Book Review: Good Me, Bad Me
I hope you’re enjoying the turn of the season. The cold is finally here in Kansas City, and I’m loving it!
Anywho, it’s book review time once more!
This time I read Good Me, Bad Me by Ali Land.
This is an assigned group read for my reader’s advisory class and I was running short on time for the deadline, so I kind of swan dived right into this one. How did it end up? Keep on reading!
Good Me Bad Me is dark, compelling, voice-driven psychological suspense by debut author Ali Land.
How far does the apple really fall from the tree?
Milly’s mother is a serial killer. Though Milly loves her mother, the only way to make her stop is to turn her in to the police. Milly is given a fresh start: a new identity, a home with an affluent foster family, and a spot at an exclusive private school.
But Milly has secrets, and life at her new home becomes complicated. As her mother’s trial looms, with Milly as the star witness, Milly starts to wonder how much of her is nature, how much of her is nurture, and whether she is doomed to turn out like her mother after all.
When tensions rise and Milly feels trapped by her shiny new life, she has to decide: Will she be good? Or is she bad? She is, after all, her mother’s daughter.
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This was a fun psych thriller despite some mixed feelings here and there.
In a nutshell, this novel is centered on the relocated daughter of a serial killer named Milly. Having turned her mother in for her inhuman deeds, Milly anxiously awaits her mother’s trial as the star witness. As she waits she has been taken in by a foster family, but discovers that her new life may be just as hellish as her former in different ways. Can Milly adjust to everyday life, or is she destined to follow in her mother’s footsteps?
What worked most for me was the psychological thriller element and premise. Every chapter felt tense and uncertain, and I was on pins and needles the entire time. There is something about the prerogative of this young woman that was unsettling and frankly, horrifying. I found myself worrying when she might fully snap, and you could cut the tension in the air with a knife.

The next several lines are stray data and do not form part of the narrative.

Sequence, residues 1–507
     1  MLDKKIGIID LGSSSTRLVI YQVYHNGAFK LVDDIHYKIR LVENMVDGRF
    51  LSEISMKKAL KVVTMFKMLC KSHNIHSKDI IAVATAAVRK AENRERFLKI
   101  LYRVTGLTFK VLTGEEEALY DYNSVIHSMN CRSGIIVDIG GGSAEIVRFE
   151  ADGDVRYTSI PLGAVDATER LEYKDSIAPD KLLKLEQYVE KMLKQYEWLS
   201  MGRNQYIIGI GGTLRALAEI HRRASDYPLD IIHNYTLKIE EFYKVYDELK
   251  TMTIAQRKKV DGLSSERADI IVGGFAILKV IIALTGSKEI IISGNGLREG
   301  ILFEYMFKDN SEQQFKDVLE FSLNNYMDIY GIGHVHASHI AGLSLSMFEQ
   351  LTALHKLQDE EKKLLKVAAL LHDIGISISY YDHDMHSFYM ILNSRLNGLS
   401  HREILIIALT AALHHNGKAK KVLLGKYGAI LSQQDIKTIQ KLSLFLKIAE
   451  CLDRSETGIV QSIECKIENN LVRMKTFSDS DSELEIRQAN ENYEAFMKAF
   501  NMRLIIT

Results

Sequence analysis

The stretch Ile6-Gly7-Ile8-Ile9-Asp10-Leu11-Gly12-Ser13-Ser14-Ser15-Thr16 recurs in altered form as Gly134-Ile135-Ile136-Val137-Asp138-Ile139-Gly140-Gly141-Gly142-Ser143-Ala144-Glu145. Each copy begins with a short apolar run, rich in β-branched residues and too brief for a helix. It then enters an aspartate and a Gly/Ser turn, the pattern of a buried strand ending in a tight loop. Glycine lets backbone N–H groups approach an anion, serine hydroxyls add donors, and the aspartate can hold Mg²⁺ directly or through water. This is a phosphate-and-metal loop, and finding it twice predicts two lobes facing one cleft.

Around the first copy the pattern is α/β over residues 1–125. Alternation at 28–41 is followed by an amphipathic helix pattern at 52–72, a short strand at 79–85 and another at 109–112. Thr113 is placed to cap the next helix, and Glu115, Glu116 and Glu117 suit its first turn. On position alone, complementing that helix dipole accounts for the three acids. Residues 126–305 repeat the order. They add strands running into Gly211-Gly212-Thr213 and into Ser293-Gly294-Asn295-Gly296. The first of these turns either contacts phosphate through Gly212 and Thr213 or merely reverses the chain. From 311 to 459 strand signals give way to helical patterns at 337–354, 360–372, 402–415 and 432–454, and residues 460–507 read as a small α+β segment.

I read via audiobook, and the narrator Imogen Church did a masterful job. She truly embodied our troubled Milly and other characters with distinct accents and voices. I found myself hooked to this audiobook, and I didn’t want to stop listening.
The writing was beautiful and poetic in spots without verging on purple prose, and I enjoyed that.
Milly’s character itself was an enigma. She was hard to read, and the reader is forced to try and figure out the truth for themselves as bits and pieces are revealed chapter by chapter.
That being said, I was disappointed with the other characters. The foster family she’s been relocated to seems ill equipped to handle a foster child, let alone the daughter of a serial killer.
Mike is something of a counselor who is assisting with the prosecution of Milly’s mother, but he’s so preoccupied with that that he turns a blind eye to anything else going on. His wife Saskia was a total mess, dependent on a mixture of drugs and alcohol, and their daughter Phoebe was a truly horrendous bully and one-dimensional. I don’t know how they earned their spot as a foster family, but it should’ve been taken away long before the events of this novel. Their characters didn’t make enough sense to me.
There’s also a lot of bullying in this novel, enough to grate on even my nerves and warrant a warning for prospective readers.
In the end, this was an entertaining novel despite its faults, and I think a lover of psychological thrillers would still enjoy this.
That’s A Wrap!
Well that’s it for this book review. I hope you enjoyed it!
Have you read this book? Are there other similar books you’ve read that you simply have to gush about? Feel free to leave a comment. I’d love to start a conversation!
Have a great day!